How To Deal With Tragedy During Christmas
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How To Deal With Tragedy During Christmas

A Mary Christmas

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How To Deal With Tragedy During Christmas

I remember four Christmases ago, tragic stories were being shared on Christmas Eve at my church. While some people were reuniting with loved ones, others were forced to say goodbye. One woman lost her firstborn son on Christmas Eve morning and one grandma lost her daughter and her daughter’s family to a violent car crash while on their way to visit her for the holidays. I remember thinking, how can they face Christmas this way? How must “Merry Christmas” sound to them now? How can they ever think of Christmas fondly again? Although my Christmas that year was joyful, this year I find myself still thinking about those women. I’m enduring tragedy of my own this Christmas season, and all the hope and wonder it usually brings has left me. For the first time, I think I can answer the questions I asked four years ago.

How can I face Christmas this way?

True, my Christmas experience will be different this year, but that does not mean it won’t be good. This year I feel as if I am experiencing the weight of Christmas more fully than past Christmases. I think about Mary, the mother of Jesus and what it really must have been like for her to carry the Son of God and bring him into a hostile world that would eventually kill him. Whether you believe in the Christmas story or not, it doesn’t matter. The fact remains that it is inspiring that a young girl could have faith in spite of such dark circumstances and that is the true meaning of Christmas. It is hope coming — even as small as an innocent baby — to a dark world that so desperately needs it. That is how I face Christmas, the way Mary faced her responsibility — with faith and love.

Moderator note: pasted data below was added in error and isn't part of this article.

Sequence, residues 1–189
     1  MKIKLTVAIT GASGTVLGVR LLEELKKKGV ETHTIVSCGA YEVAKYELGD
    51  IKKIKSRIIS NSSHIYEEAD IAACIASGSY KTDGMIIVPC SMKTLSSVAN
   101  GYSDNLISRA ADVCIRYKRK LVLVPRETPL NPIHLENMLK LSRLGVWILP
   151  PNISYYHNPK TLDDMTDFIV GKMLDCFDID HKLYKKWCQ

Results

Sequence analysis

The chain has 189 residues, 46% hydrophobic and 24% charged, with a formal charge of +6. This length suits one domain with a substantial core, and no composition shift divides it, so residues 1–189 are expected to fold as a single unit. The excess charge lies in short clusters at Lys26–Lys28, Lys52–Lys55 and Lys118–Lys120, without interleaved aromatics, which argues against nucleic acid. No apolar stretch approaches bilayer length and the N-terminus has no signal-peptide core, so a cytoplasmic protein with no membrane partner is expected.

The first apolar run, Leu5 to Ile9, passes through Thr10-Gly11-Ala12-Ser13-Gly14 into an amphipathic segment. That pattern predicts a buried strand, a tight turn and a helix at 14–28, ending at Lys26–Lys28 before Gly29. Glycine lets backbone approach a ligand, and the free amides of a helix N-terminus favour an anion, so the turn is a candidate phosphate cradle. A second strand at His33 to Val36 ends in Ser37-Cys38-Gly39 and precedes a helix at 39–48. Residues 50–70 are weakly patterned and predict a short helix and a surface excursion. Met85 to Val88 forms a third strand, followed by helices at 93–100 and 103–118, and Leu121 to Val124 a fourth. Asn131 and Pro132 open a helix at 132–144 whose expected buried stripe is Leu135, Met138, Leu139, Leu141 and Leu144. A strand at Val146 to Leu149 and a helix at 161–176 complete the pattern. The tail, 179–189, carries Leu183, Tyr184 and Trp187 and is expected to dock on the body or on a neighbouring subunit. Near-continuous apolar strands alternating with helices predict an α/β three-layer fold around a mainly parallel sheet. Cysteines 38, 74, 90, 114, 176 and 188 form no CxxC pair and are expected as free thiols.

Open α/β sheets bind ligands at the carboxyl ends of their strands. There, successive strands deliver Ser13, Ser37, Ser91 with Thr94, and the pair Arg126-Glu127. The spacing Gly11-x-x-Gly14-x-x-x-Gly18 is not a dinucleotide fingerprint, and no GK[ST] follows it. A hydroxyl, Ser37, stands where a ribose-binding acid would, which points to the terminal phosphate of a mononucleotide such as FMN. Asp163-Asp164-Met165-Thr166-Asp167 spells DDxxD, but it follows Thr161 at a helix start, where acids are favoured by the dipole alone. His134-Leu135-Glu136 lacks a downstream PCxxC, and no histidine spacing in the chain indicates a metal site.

How does “Merry Christmas” sound now?

Whenever I hear the phrase “Merry Christmas” I immediately picture “Mary Christmas.” I think of Mary and how her society wanted to stone her for getting pregnant without a husband. I think of how her fiancé Joseph believed her and supported her and chose to be cast out with her. I think of her courage to face her calling and her perseverance all the way to the foot of the cross where her son was murdered for speaking the truth. And I think about how she must have felt when she saw him rise again. That is what I think of when I hear “Merry Christmas.”

How can I ever think of Christmas fondly again?

There will be more Christmases, some joyful and some tragic. But I know one day I will be able to look back on this Christmas and remember how I pressed on. I will always remember what I learned and I will be able to share it with those who need to hear it. And that is the best Christmas present I could ever ask for.

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